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HIST 151 (1)
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Department
History
Course
HIST 151
Professor
Kathryn Labelle
Semester
Fall

Description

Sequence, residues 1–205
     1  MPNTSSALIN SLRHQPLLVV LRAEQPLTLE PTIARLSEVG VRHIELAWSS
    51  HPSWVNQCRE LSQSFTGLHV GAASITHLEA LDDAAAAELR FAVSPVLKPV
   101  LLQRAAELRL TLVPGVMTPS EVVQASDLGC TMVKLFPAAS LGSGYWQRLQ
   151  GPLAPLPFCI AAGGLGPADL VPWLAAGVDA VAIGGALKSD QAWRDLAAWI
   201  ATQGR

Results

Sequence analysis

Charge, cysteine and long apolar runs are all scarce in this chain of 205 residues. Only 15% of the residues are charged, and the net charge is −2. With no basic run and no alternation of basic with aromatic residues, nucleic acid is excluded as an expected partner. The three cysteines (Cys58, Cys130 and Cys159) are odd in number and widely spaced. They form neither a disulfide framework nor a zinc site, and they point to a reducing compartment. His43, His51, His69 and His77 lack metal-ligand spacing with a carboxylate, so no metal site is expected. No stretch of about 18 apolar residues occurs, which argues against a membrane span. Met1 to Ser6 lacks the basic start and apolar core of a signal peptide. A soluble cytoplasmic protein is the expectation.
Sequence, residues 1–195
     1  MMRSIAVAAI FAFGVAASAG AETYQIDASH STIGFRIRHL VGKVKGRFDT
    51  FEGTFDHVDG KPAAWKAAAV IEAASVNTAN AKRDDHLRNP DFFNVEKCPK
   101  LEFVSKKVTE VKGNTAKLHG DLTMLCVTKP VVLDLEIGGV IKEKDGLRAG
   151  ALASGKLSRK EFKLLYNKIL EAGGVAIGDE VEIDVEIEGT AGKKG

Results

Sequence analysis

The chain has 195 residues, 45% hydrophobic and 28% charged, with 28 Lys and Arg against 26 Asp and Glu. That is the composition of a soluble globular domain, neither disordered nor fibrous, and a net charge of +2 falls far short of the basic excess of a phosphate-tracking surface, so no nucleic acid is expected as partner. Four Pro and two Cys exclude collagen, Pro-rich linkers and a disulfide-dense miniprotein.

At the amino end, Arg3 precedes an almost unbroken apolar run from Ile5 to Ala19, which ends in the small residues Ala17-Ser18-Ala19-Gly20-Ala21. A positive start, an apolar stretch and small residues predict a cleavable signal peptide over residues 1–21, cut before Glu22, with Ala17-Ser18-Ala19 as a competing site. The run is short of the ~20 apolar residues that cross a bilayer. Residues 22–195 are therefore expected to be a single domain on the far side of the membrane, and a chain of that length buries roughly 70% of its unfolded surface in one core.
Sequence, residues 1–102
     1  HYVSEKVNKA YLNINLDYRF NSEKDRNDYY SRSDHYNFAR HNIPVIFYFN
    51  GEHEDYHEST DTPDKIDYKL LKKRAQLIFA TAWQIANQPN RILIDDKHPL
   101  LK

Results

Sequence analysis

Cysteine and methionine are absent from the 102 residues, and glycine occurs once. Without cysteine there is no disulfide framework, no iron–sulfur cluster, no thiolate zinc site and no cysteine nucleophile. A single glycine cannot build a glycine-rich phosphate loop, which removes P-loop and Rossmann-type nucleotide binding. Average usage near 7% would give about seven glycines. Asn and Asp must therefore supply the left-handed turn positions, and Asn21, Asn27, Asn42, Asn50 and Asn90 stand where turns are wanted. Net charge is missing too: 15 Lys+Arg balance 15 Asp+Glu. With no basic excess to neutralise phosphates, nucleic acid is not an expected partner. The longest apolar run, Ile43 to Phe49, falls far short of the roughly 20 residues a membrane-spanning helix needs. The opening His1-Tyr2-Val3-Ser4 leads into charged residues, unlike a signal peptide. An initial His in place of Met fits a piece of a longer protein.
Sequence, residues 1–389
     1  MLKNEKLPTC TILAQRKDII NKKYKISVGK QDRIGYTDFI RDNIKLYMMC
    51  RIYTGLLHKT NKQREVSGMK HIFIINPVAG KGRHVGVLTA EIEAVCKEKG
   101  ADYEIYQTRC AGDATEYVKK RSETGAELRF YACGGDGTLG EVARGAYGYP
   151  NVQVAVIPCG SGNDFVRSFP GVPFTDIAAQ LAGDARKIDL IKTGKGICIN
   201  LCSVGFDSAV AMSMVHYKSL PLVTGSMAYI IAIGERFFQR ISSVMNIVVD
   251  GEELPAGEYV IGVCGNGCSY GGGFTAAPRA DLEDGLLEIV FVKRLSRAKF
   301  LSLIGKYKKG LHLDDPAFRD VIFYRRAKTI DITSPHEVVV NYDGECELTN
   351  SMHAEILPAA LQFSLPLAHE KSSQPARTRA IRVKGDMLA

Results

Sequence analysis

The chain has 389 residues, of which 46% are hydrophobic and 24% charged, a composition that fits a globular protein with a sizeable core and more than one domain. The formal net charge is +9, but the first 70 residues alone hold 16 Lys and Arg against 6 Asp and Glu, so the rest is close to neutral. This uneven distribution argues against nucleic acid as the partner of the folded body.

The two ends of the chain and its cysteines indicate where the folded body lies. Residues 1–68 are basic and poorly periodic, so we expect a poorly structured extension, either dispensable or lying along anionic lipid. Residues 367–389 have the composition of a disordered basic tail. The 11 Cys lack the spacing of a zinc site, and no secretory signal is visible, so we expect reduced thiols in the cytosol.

History 151. Week 2: Origins, Origin Stories and Indigenous Histories Cosmologies (world views)  Old world (Europe): o Eurocentric: negates the perspectives of the natives see as their world (new world) isn’t new to them o Evolutionary way of thinking: linear, trajectory, time line; living a nomadic way of life is not civilized o Patricentric: privilege of the man, tracing family lineage through the father, men had a larger say in government and ownership than women.  New World (Canada): o Circular way of thinking: interconnectedness, cycles, develop through situations o Matricentric: privilege of the woman, tracing family lineage through the mother, large say in government What was North America like before European Encounters?  12 language families in Canada  People of the Saskatchewan region o Algonquian o Athabaskan o Siouan  100 million people in Americas, 10 million above Mexico  50-80 million people in Europe How did people get here?  Land bridges and midcontinental route (land bridge of Asia)  Ocean voyages along the Pacific and Atlantic coasts  Coastal theories (island hopping)  Multiple ways people got into Americas; changed throughout the years Why did they come here?  Push factors: keeping them in the Old World o Lack of resources o Environmental stress (drought) o Overpopulation o Warfare  Pull factors: Bringing them to the New World o Better and newer resources o Economic trade o Curiosity o Prestige (Columbus) North American Societies  Matricentric; mother centered, women have a central place  Warfare; human replacement, mourning war, women decide who why and when you go to war, it’s not about land or resources but about repopulation (kidnapping/adoption) and replacing the person o Ex: if you replace the Chief you become the Chief; his mother is now your mother, his brother is your brother etc.  Government: emphasis on councils and consensus, elected bodies o Council of chiefs: municipal and ―provincial‖ level o Civil chiefs: dealt with trade problems, issues within the tribe o Women’s council: all men elected by women but could be replaced by women o Elders council: the elders of the tribe  Religion North American Spiritual Systems  Anthropomorphism: everything has a soul  Animism  Circular (everything is equal) Demographics before Europeans  Many trade routes, very complicated; Young Street is most ancient trade route  Focusing on water ways (rivers), the authority over water was very important (St. Lawrence River)  St. Louis (Cahokia) had a population in the 1000’s and rivaled with Mayan cities; o were nomadic then agricultural revolution and climate change (had to adapt), o they gathered into smaller groups and moved; giving up their temples (higher way of living) and moved to live on the land and become hunters and gatherers (digression)  Montreal (Hochelaga) population in the 1000’s  Dales, Oregon (Win-Quatte) with a high population it was the major trade center for salmon Oma ma ma (Earth Mother)  Creation of the World (how the world came to be)  Thunderbird  The frog  Trickster ( shape shifter; inseparable from Little Wolf)  Little Wolf (little brother of trickster)  Beaver (privilege, human from another world)  Plants, rocks, flowers,  Not until much later that trickster creates humans Conclusion  You cannot understand Canadian history without understanding the Indigenous past  Origin stories help us to explain the cosmological framework of early Canadian societies  These beliefs and traditions were not part of a New World order but the legacy of ancient customs steeped in local landscapes and history Week 3: Cultural Encounters and Colonial Projects; Explorers, Merchants and Missionaries Definitions:  Colonization: a foreign group settling and occupying another groups cultural and territorial landscape  Contact zones: metaphorical zone where different cultures and ideas meet  Encounters: physical and exchange of ideas and views  Revision quest: labels and language The Stages of Colonization  Exploration o Going where no one has gone before  Fission o One group breaks away from the main group and produces offspring  Migration o Moving to unknown, unoccupied territory  Colonization o Establishing residency in these new areas, tap into the resources  Settlement o Fully exploits and occupies the new territory What was Europe like before North American Contact? th  1 million people in 16 century o Population boom because of an agriculture revolution and decline of disease  1600’s 75% of population relied on farming(land) however it was becoming scarce so people urbanized  Social and economic systems were based on feudal systems (lords, classes, slaves)  Patricentric society (male dominant) o Women could work in hospitals or as servants  Witchcraft trials; focused on females supernatural powers, if you didn’t stay within the norm you were deemed a witch  The government is Kings and Queens and by 1700’s the concept of ―divine rights‖ (God given right to rule) was established ex: Louis 14, Henry 8  Courts controlled everything and were appointed by the Kings advisors  Roman catholic church was fully established by 1700’s o The Pope is God’s messenger on Earth; hierarchy o Martin Luther protested against Roman Catholic Church in 1500’s creating Protestant o Society of Jesus and the Ursulins emerge after all the revolt and wars with the Roman Catholic Church causing them to change their ways Explorers and Merchants  The Norse (1100 AD) o Newfoundland o Set up semi-permanent residence to fish  The Portuguese (1500) o Newfoundland and Nova Scotia o Documented their trips o Brought back 57 Baotuk slaves they weren’t only using the land for fishing but for slave trades as well  Spanish o Golf of St. Lawrence o Walrus hunting and fishing  French (1535) o Jacques Cartier  went up the St. Lawrence to Hochelaga  interested to learn about the people and the land , looking for opportunities for them to ―grow together‖  married a girl from Hochelaga (as given girl from Chief)  English o Newfoundland o Tried to make a permanent settlement, however the land was not useful to them o Lots of complications with the Aboriginals causing them to give up settlements  The explorers were all men, merchants and soldiers, not surprising since there was military conflict. Looking for new trade and fame and fortune (notary) The Missionaries  Accompanied the explorers  Society of Jesus: o Ignatius Loyola o Established with a military perspective being the ―soldiers of God‖ o Used their religious knowledge and teaching abilities to convert people o Jesuits were all men  Ursulin nuns (1535) o Established by Angela Merici o Focused on women and teaching in schools o The pope and the public did not like the idea of girls becoming educated however after a petition they allowed them to teach but with very strict rules o They were very knowledgeable therefore they left detailed work (letters, journals) about their missions Conclusion  Europeans have been traveling to the New World long before Columbus’ voyage in 1492  Europeans went to North America for many different reasons including economic, social and religious  The 16 and 17 centuries saw a rise of European ventures to the America  Explorers, merchants and missionaries were the main European groups who made these initial trips Week 3 cont.: Colonialism, Process of Settlement and Euro Exploration Aenon  Huron/Wendat  Birth is unknown, Death 1637 in Trois Rivieres  Civil Chief of Bear Nation; an alliance of 5 nations that made up the Wendat confederacy  Lived in Wendake  Role: politics, diplomacy o First with many other chiefs to meet the French down the St. Lawrence river  Interested in trade for steal, metal, tools and spices  1630’s there was a close relationship but as time went on interpreters began to teach each other the languages ; Europeans learnt Wendat  Wanted to keep the French however other chiefs (Taretande) did not want them to stay; not sure of their motives  Taretande had many other chiefs on side about wanting the French(Jesuits) exiled o In 1630’s starting to name the Jesuits as witches due to their continuous use of ―magic and evil acts‖ o Aenon did not like this, and forced the exiles to be ended  Aenon wanted to create a Centre Lieu o A amalgamation of the 5 societies in the Wendat Confederacy to have more support o Including the missionaries so that they could have French military back up if needed  In 1636 Aenon wanted to have the Feast of Souls o Large burial where all the Wendats who died within 8-10 years were buried in an ossuary o Diplomatic strategy for Algonquin, Iroquois etc. since they could bring their bodies as well so they could be buried and ―live‖ together in the after life o Asked the Missionaries if they wanted to bury their 2 bodies with the Wendat to solidify their alliance however the French declines because they didn’t want the alliance to be solidified and didn’t want to have to worry about the Wendats  European disease began to spread, killing Aenon and Taretande as well as 60% of the Wendat population at the same time as they were at war with the Iroquois Jean de Brebeuf  Born 1593-1649  Joined the Jesuit order in France  Came to the New World in 1642 and was one of the first to meet Aenon  Asked to come and live with Aenon and join the Feast of Souls  Main goal was to convert the Huron’s; however many converted on their death beds  Created 2 dictionaries as a source of info and communication between other missionaries and trader to learn Wendat  Sent reports back to France o They were being published so they were mainly positive and bias  Brebeuf was the author os the ―Huron Carol‖ wrote it in Wendat to express his love for them  Died as a martyr(sacrifice) killed by Iroquois, refused to leave his mission of St. Marie Marie (Guyart) de l’Incarnation  Born in Tours, France 1599- Died 1672  Expressed the desire to become a nun at a young age  Married a man and had a son named Claude  Widowed at the age of 19 so moved in with her sister  Decides to become an Ursulin nun and leaves Claude (8) with her sister in France however she stays in contact with her son over the years through letters  Has a dream while at the convent that she needs to go to New France o Protested against Ursulin nuns going over there o Two wealthy noble women in 1630 her the money to go over  She sets up schools, hospitals; bringing nurses back with her  Since disease and war were spreading, Huron’s moved towards Quebec City o Ursulin nuns offered food, European education and help (everything that was needed at the time) in the form of a convent o Offered only to Huron’s and Wendats, wanting to convert them  Once Wendats reestablished they community they began to leave the convent because they wanted to create a family and the mortality rate for Aboriginals was high  The seminary(convent) which started as a school for Aboriginals women was mainly a school for th th French Canadians by 17 and 18 century Conclusion  Although it is useful to look at collective actions and motivations, history also requires us to explore the agency of individuals on the ground  The relationships and policies initiated by individuals in the early stages of European and North American encounters established historical context for these relations to the present Week 4: Land and Property; Systems of Settlement and Territorial Authority Indigenous Relocations  The Odawa Experience (1640’s) o Lived in many different locations, shores of Georgia Bay and Great Lakes o 4 centuries lived in Ottawa area and have deep ties to the area o 1640’s Europeans start coming and economic competition begins (Beaver Wars) o Odawa constantly at war with 6 nations Iroquois who live south of Toronto f1634- 1650 peaking in 1640 o They had to defend themselves from war as well as European disease; causing a significant loss in people, mainly elders, children and men aged 30-50(chiefs and soldier) o Migrated as a solution Process and Protocol: Odawa  Push factors: o War so they headed west along Sault St Marie, took over 20 years o Walking and canoeing  Diplomacy: o Sending messages to Nippising (civil chief) traveling west to see if they would be accepted  Kinship o Creating familial ties o Marriage of the Odawa and Nippising; so when they get there they are already apart of the family  Ceremony o Feast of souls to make alliances with other nations New France  The Seigniorial System: a land system where land is taken in strips off a water system  Property owned by French monarchy, King gives land to prominent French citizens  King-seigneur-habitants  The people who lived and worked on this land were known as the ―habitants‖ o Had to pay rent to land owners  Created a class system within New France Process and Protocol: French  Ceremony o Planting of a cross (Cartier) o Claiming the land for the King of France and Catholic Church o Economic and political power  Naming o Giving the Aboriginal cities French names o Hochelaga=Montreal, Stadacona=Quebec City  Map Making o Literacy traditions o Critical to settlement and travels to show the territories discovered  Agriculture o Since most Aboriginals were hunters and gatherers French viewed the land as unused o Began near the St. Lawrence  Immigration o Small population of French in New France until 18 century o Kings Daughters were given free passes to come to New France to marry and have children o People are establishing families to entitle permanency  Military forts o Had to protect their new lands o Fortifications in Quebec City and Montreal  Kinship o Recognizing kinship ties were necessary for making alliances o Marry the Aboriginal women giving the French men the upper hand in protection these men were known as ―couriers’ de bois‖ the French fur traders The Business of the British in North America  The British explorations were instigated by business  Charter colonies: businesses who got money to come to North America  Farms and Fences o Established these for a sense of privacy o Wanting to isolated themselves from the Aboriginal o Indentured servants: British men and women who would sign 5-8 year contracts to work on the farmers land o Military might: didn’t like going in or out of the fort causing lots of conflict  Jamestown: John Smith; military exploit so when he came over he had to resort to what he knew; military defense Process and Protocol: English  Charter: o Got granted a charter (business) from money  Families: o Very early on they were bringing their whole families over o Emphasizing the idea of permanency  Military conquest: o Kidnap and kill local population  Isolation o Isolating themselves o Easier defense systems  Maps: o Drawing maps to designate their lands  Naming: o Gave what they came across an English name to designate ownership  Treaties o Creating contracts with local Aboriginals for political and economic alliances Conclusion  Although strategies of relocation and settlement differed between North Americans such as the Odawa and the Europeans and French and English, all parties sought to invoke successful tactics to create permanent settlements throughout North America Week 4 cont.: Land and Property; Systems of Settlement and Territorial Authority Land and Property  Similarities between the French and English settlers o Naming o Ways of interacting with North American o Military backgrounds o Resources: economic systems of trade, where settlements were made Charles le Moyne  Born in France 1626-1685  Born to an innkeeper, raised in a ―normal‖ life.  Sent to New France since he had an uncle living there  When he arrived to New France he was a servant, employed by the Jesuit Priest and moved to Wendat/Huron country living among them  Developed close relationships with them, became fluent in many of Aboriginal languages  Developed a career as a trader and was hired as an interpreter by Iroquois  Became highly involved in French and Iroquois war and enlists in the military. Involved in the capturing of his men; negotiates to have them released  Continues his military career and is given 90 acres which he named ―Longeveil fief‖ and became Seigneur with many workers on it  Builds military castle and lives inside it.  Before he died he gave his land to his son Charles le Moyne II who continues to build up his land  He was the wealthiest man in New France at the time, and was a great success story to send back to France Elenore de Grandmaison  Born in France 1620-1692  Was the property of her father  Married at the young age of 15 and is widowed early into the marriage, she remarries quickly  Has 4 daughters and 2 sons with the second marriage  Goes to New France (specifically Quebec) with second husband, he dies, she then becomes a Seigneuresse(owns land on Ile d’Orleans)  In 1651 Wendat refugees move east towards Quebec (300 people) and ask Jesuits what to do. Jesuits send them to Ile d’Orleans  The Jesuits say ―you aren’t fully capable of farming this land, let the refugees live on our land and we’ll pay you in military protection‖ to Elenore, the Wendats are the farmers  Wendat sign an 8 year contract to Elenore  Once a week the women from Wendat had to visit Elenores house and bring her supplies and check on her  1656 the Mohawk invade this island  ―Massacre‖ victory for the Mohawk, 50% of Wendat are taken prisoner and the French don’t care and don’t help therefore the Wendat break their contracts and leave the island  After massacre she remarries twice more and has more children (in double digits)  Died a poor French citizen; had a lot of land because it wasn’t prosperous however it was financially successful  Jesuits recorded her marriages and contracts Jean Ouetenac  Birth is unsure, living in the 1650’s  He is a Wendat living in the area (Great Lakes)  Took part in military campaigns against Iroquois; was help captive  Christian, baptized before he was captured, he is released and sent back to the Wendat  Finds his people living on Ile d’Orleans however leaves when the massacre begins  Reinstated as chief, Jesuits take a liking to him because of his diplomatic skills and he is also a Christian  Talks to Jesuits to negotiate land, they are given land in Quebec City area for their community  Wendat believed in communal property whereas the French were closed off and private  They gave Jean his own private land and he divides this land and gives to Wendat families (clan mothers; heads of lodges) to give to the community so they have the authority over the use of the land Conclusion  The relationship between land and people varied depending on you culture, ethnicity and gender therefore all early Canadians recognized the importance of land to their lives and developed strategies to establish themselves permanently within the territory of New France Week 5: Cultural and Continental Conquest; 7 years’ war/ French and Indian war/ Pontiac rebellion Background  Odawa were pushed west 1650 due to a series of war mainly with the Iroquois (happening in Great Lakes region) o Also within those series of battles the Europeans begin to get involved, picking sides  French (Odawa and Wendat; northern part) and English (Iroquois) rivalry o Beaver Wars because beaver pelts were in high demand therefore whoever won would dominate the beaver pelt trade  1701 the Great Peace of Montreal; simmers the military conquests o 40 native nations including Iroquois and French  In early 1700’s the War of Spanish Succession happens n Europe (British, French, Spanish) and trickles a little bit into North America o Treaty of Utrecht 1713: France give up most of their land in North America; giving up Hudson bay, Acadia and Newfoundland to the British  In the 17 century we have Odawa and Iroquois competing against each other for European trade (idea for conquest) o Going to war because of trade (new development) o Further military battles over land (new motivations for warfare) Great Peace of Montreal (1713-1744)  Trying to keep peace in North America  Oath of Allegiance (1729 and 1730): required by the British for former French subjects o Allegiance to Britain o DO NOT have to take up arms against the French or their native allies;  this was a good thing because they just fought a war alongside them since New France still exists Louisbourg 1719  in 1719 the French build a fort in the village of Louisbourg, Ile Royal (cape Breton)  population from 1713 to 1719 booms and goes from 116 to 5000  there is a high rate of immigration; which accounts for the population boom o Dutch, Spanish, Portuguese o Missionaries and soldiers  Cosmopolitan port Halifax (1749)  Built by the British to counter the French Military presence in Louisburg o Gains population, viable military center The Ohio Valley  Space for Europeans, unknown or claimed by any  French and British are coming in and establishing themselves o War breaks out because they are competition for space and land; war extends to Canada The war(s) 1756-1763  French win most of the wars and gaining British forts, have a serious of successful military raves o They are successful because they align themselves with many North Americans who know the lands o Guerilla warfare: not only riffles and cannons but using bow and arrows and tomahawks (development in kind of warfare Europeans are engaging with)  Siege of Quebec: o ?  The Plains of Abraham o British win the war; just outside Quebec City o Both British and French generals die Pontiac’s rebellion/War (1763)  Pontiac (Odawa War Chief)  They lived in Ohio Valley and feel the Europeans coming and can sense that they are no longer wanting to explore they now want to settle  Pontiac and native people in that area are aware of that; not going to war because British and French are going to war o Going to war to maintain their land  They have an alliance with the French but this was just another layer to the war that was already happening.  In 1762 Pontiac is not satisfied because the British are still out there (French have been defeated)  Most successful military campaign in history to that point o Captures all the forts east of Detroit  The British roll up blankets that are infected by small pox and go to meet Pontiac and other chiefs saying it is medicine (bio warfare) o Exchange is done in peace talks o Sign of ―friendship‖ o Within a span of a 16 mile radius and a few weeks all the native villages were wiped out o Don’t know who ordered it however we do know it happened  Despite the small pox strategy on the British they are still winning their military campaign o They stop because its hunting season (warriors are the hunters) and the British create a piece of legislation  Royal proclamation of 1763 o Any land deemed to be native territory must be negotiated through treaty in order to acquire it; has to be done with representative of British Crown o This is what Pontiac is fighting for Acadian Deportation  The French people who the British feel are not trustworthy they make a deportation rule  The deported o 1756: 200 to Boston o 1758: 3500 to France o 1759: 1800 to Canada (Quebec) o Estimated 11000 people were deported  This strategy is to appease the idea that the French will take up arms Conclusion  Britain emerged from the 7 years’ war as the dominant empirical power in North America  In order to solidify their hold on land and people for the long term, the British implemented policies of forced removal as well as enforced systems of negotiation Week 5 cont.: Cultural and Continental Conquest; Marquis Montcalm, James Wolfe, Chief Pontiac The Marquis de Montcalm  Born in France 1712 Dies Sept 17 1756 o To an aristocratic French family  Educated at home  At the age of 9 he begins his military training; decided by his parents, his future is already set by the age of 9  In 1732 he officially begins his military career  Years late he marries Angelique-Louis Talon de Boulay who is also from an aristocratic family th  In 1743 he is knighted; since it is the 18 century there is still the idea of monarchy and knighthood  Comes to North America after 31 years of service, 11 campaigns in Europe, 5 wounds  Retires 1753  When the 7 years’ War starts in Europe and trickles to New France he goes there to support in 1755  1756 he arrives at Quebec  Has conflicts with the governor; disagreeing with each other’s strategies and ideas, they butted heads constantly  Wounded on the Plains of Abraham and dies off the battle field o Buried in a shell crater under the floor of the chapel of the Ursulin nuns  You can tell the status of a person by the way they are buried James Wolfe  Born in 1727 died at 32 in 1759st  His father was a colonel in the 1 regiment of marines; military family  Formally educated (within school system) receiving a very good education st  His first military appointment at 13 was with the same as his fathers (1 regiment of marines)  He fought in Europeans wars and in Scotland  Stationed in Scotland when 7 years’ war breaks out; in poor health but joins the campaign against the French  He has a reputation for tough military policies o A key leader in the capture of Louisbourg; and enforces a tough military o Destruction of New Brunswick settlements and fisheries  Dies on the plains of Abraham  Buried with military honors in Greenwich, England Chief Pontiac  Born somewhere within this time frame 1712-1725 near Detroit died 1769 St. Louis  Odawa War chief Leading his people to war to protect his own territory and his own people in this race for North America happening in the Ohio Valley  Lying around Detroit with a number of other Frist Nations and aren’t oblivious to the settlement of Europeans (French in Detroit, British have interest)  Neolin is the prophet who is preaching to reject all the Europeans o Gains a large following including Pontiac  Time period leading up the 7 years’ war  In 1745 he is requested by the Odawa to lead 60 Odawa men to go to Montreal to fight the English  Starts promoting a Pan-Native Alliance amongst all first nations around Great Lakes, St. Lawrence and around Ohio Valley o Persuasive leader o Has Neolins supporters; they worked side by side for many years o Knows that the English-British war will affect his people so he convinces the councils to engage on the side of the French because they were much more engaged in kinship and family ties, they already had a relationship with the French  Odawa were at war with the Iroquois and the Iroquois were sided with British  Fight along the French on the Plains of Abraham; lose and the French and English sign a ―friendship‖ contract  The Odawa and native nations are not happy with the result of the war and is trying to gather support to recapture Quebec; capturing all the British east of Detroit  The war just stops because of hunting season and because the Royal Proclamation is signed  He hears of the Royal Proclamation he acknowledges the British and decided to give up military campaign; however within his own community there are many people who still believe in Neolins message and that they need to be destroyed o Many contest Pontiacs policy and Detroit divides into Pro and Anti Pontiac  Because of the debate and division he is exiled and travels west to Cahokia (St. Louis)  Murdered in St. Louis hatchet in the head, do not know If or where he was buried  He is a argumentative figure Montcalm remembered  There are monuments all across Canada (Quebec and Manitoba) paying tribute to him  Plaques dedicated to him  Historians write about him Wolfe remembered  Monuments in Canada (Quebec City built in 1960’s) and in West minister Abbey England  Plaque on the plains of Abraham exactly where Wolfe died Pontiac remembered  Muscle cars; warrior and chief  There are some plaques dedicated to him, but they are minimal and only come about in the last 20 years Conclusion  The conquest wars between France and Britain were part of a long standing tradition of warfare steeped in European traditions but they were also the products of individual human agency  The ways the individuals are remembered reflect the aspirations and motivations of the time period and society that related these memories ( ex: Pontiac and the car, what were they thinking about him and his history )and are not necessarily representations of their historical significance contributions Week 6: The Long Wars (1774-1812; the American Revolution and the war of 1812 The Road to Revolution  The Rights of Englishmen: 1722 British passes council that people (men) in the colonies needs Englishmen rights o Assumed by the colonist but controversial in England  The proclamation of 1763: signed in Britain  The Paxton Boys Pennsylvania 1763: frustrated about the Royal Proclamation, attacked a Conestoga (first nations) village to make their point, and killed many women and children.  Debt and taxation: were a big factor that contributed to the revolution o War costs a lot of money 140,000,000$ in debt and colonists had to cover 300,000$ in taxes o The colonists should contribute to paying of the debt which contributed to the making of the Sugar Act o The Sugar Act 1764: taxes on non-British west Indies, the north was very upset o The Stamp Act 1765: put stamps on legal documents, papers, etc. NO juries brought to trial; burning post master o Sons and Daughters of Liberty: limited imports from England; making their own items o Townsend duties 1767: additional taxes on lead, paper, glass, silk and tea from England o Tea Act 1773: Boston Tea Party, Mohawks dumped 10,000$ worth of tea o Quebec Act: ensured French religion, civil law and territory into the Ohio Valley  British Military Presence o Boston massacre o Brits wanted to maintain 8,000 troops after the war instead of only 800  First Continental Congress (Philadelphia 1774): discussing the rights of Englishmen; protecting their rights as British citizens  Second Continental Congress (1775): all 13 representatives were there o The Olive Branch Petition  The British monarchy didn’t respond o Pushing them to sign the declaration of independence  Deceleration of Independence: debated and signed in 1776 by Jefferson, Franklin and Lockian The war (America vs. Britain)  Daughters of liberty: wives who made goods o Patriot organization sewed uniforms, fed officers, parade and commissions for Stamp Act, made soaps so they didn’t have to import  First Rhode island regiment o Made up of black malisha men o Longest African American slave uprising  The Iroquois confederacy: different nations siding with the Europeans o The Mohawk and British vs. the Oneida and Americans The Loyalists (British)  America wins war  Forced/voluntary migrations to Canada (out of USA)  Approximately half the colonists of European ancestry tried to avoid involvement. o 62,000 of European Ancestry  3,000 Blacks arrived in the Maritimes in 1783; settling in Nova Scotia o Could not vote, segregated, could not fish in the St. John’s Harbor. o Many chose to leave with the promotion of a ―Back to Africa‖ Campaign to Sierra Leon  3,000 African Americans (1783)  Rather than fight, they leave to go to other British colonies and Canada  Identified 8 characteristics of the Loyalists that made them essentially conservative. 1) Psychologically they were older, better established, and resisted innovation. 2) They thought resistance to the Crown—the legitimate government—was morally wrong. 3) They were alienated when the Patriots resorted to violence, such as burning houses and tarring and feathering. 4) They wanted to take a middle-of-the road position and were angry when forced by the Patriots to declare their opposition. 5) They had a long-standing sentimental attachment to Britain (often with business and family links). 6) They were procrastinators who realized that independence was bound to come someday, but wanted to postpone the moment. 7) They were rightly cautious and afraid of anarchy or tyranny that might come from mob rule, which did cost many their property and security after the revolution. 8) The memory and dreadful experience of many Scottish immigrants who had already seen or paid the price of rebellion in dispossession and clearance from their prior homeland. A Loyalist Woman’s Perspective: The Journey (The diary of Sara Frost 1873  Born in Connecticut  Father fought for the British, brother fought for the Patriots (Americans)  Family is relocated to war camps  On board a ship with 250 colonists from New York going to New Brunswick  7 months pregnant with 2 children under the age of 5 o No family support and arrives to New Brunswick and starts a new life Creating a homeland  Concept of homeland (British, French, Acadia, and Detroit) was flexible.  People were establishing new homelands, while trying to reconstruct the societies they left behind.  Homes: dirt floors, not stone walls, wood, hand-made windows were made with oil paper  People preferred the winter cold, to the fevers and sweats of the summer months.  Re-established Communities  Mohawk migrate to Brantford and set-up reserve.  Naming o Placing names was another way of creating a familiar space o Indian trails became British roads o Woodlands became cleared bush American Revolution II (1812)  North West Ordinance 1787: considered to be one of the most significant achievements of the Congress of the Confederation o Put the world on notice not only that the land north of the Ohio River and east of the Mississippi would be settled but that it would eventually become part of the United States. Until then this area had been temporarily forbidden to development.  Increasing numbers of settlers and land speculators (investors) were attracted to what are now the states of Ohio, Indiana, Illinois, Michigan and Wisconsin.  This pressure together with the demand from the Ohio Land Company, soon to obtain vast holdings in the Northwest, prompted the Congress to pass this Ordinance  The area opened up by the Ordinance was based on lines originally laid out in 1784 by Thomas Jefferson in his Report of Government for Western Lands. o The Ordinance provided for the creation of 3-5 states. In addition, it contained provisions for the advancement of education, the maintenance of civil liberties and the exclusion of slavery.  Above all, the Northwest Ordinance accelerated the westward expansion of the United States.  Louisiana Purchase 1803: USA bought Louisiana from the French o The U.S. paid a total cost of $15,000,000 for the Louisiana territory. o The purchase was a vital moment in the presidency of Thomas Jefferson. At the time, it faced domestic opposition as being possibly unconstitutional. Although he felt that the US Constitution did not contain any provisions for acquiring territory, Jefferson decided to purchase Louisiana because he felt uneasy about France and Spain having the power to block American trade access to the port of New Orleans  Lewis and Clarke: (1803-1806) the first American overland expedition to the Pacific coast and back. o The expedition's goal as stated by President Jefferson was to explore the Missouri River and to see if any other rivers would be better suited for trades. o The expedition was also to learn more about the Northwest's natural resources, inhabitants, and possibilities for settlement. o They did not achieve their primary objective of finding a waterway across North America, however they successfully mapped, found resources and Native American relations occurred. Immediate Causes of war of 1812  Trade restrictions: were introduces by Britain to obstruct American trade with France o the U.S. contested these restrictions as illegal under international law  Impressment: Britain doesn’t acknowledge all of the USA as patriots because the majority were of British decedents o British soldiers were trying to impress (force into service) the Americans  British Military Aid to First Nations: support for America Indians who were offering armed resistance to the expansion of the American frontier to the Northwest  An unstated but powerful motivation for the Americans was the need to uphold national honor in the face of what they considered to be British insults o Ex: Cheapskate affair. Winners?  British burn own white house o Canada has beaten the Americans o York vs. Washington Losers?  Tecumseh and the Western Confederacy o Born: 1768 Ohio o A Shawnee leader that led his people to war against the British and the Americans  The Dakota o Fought for the British also but remain in American territory o 1860’s they move to the prairies Conclusion  The American Revolution and the War of 1812 created not just one country but two.  The causes and motivations were based on the same principles and claims  The winner of these wars is debatable, however the Aboriginals decisively lost in the long term Week 6 cont.: The Long Wars 1774-1812 (Molly Brant, Rev. Moses Wilkinson, Laura Secord) Molly Brant  A Mohawk woman  Born in Ohio Valley in 1736 (during 7 years war) died 1796  Mother was Iroquois father was Mohawk  She single-handedly is credited with maintaining British loyalty throughout the Iroquois Confederacy.  At a young age she has a high status as an aboriginal woman (clan mothers) and mothering to do with her father  Age of 18 she leads a delegation to Philly t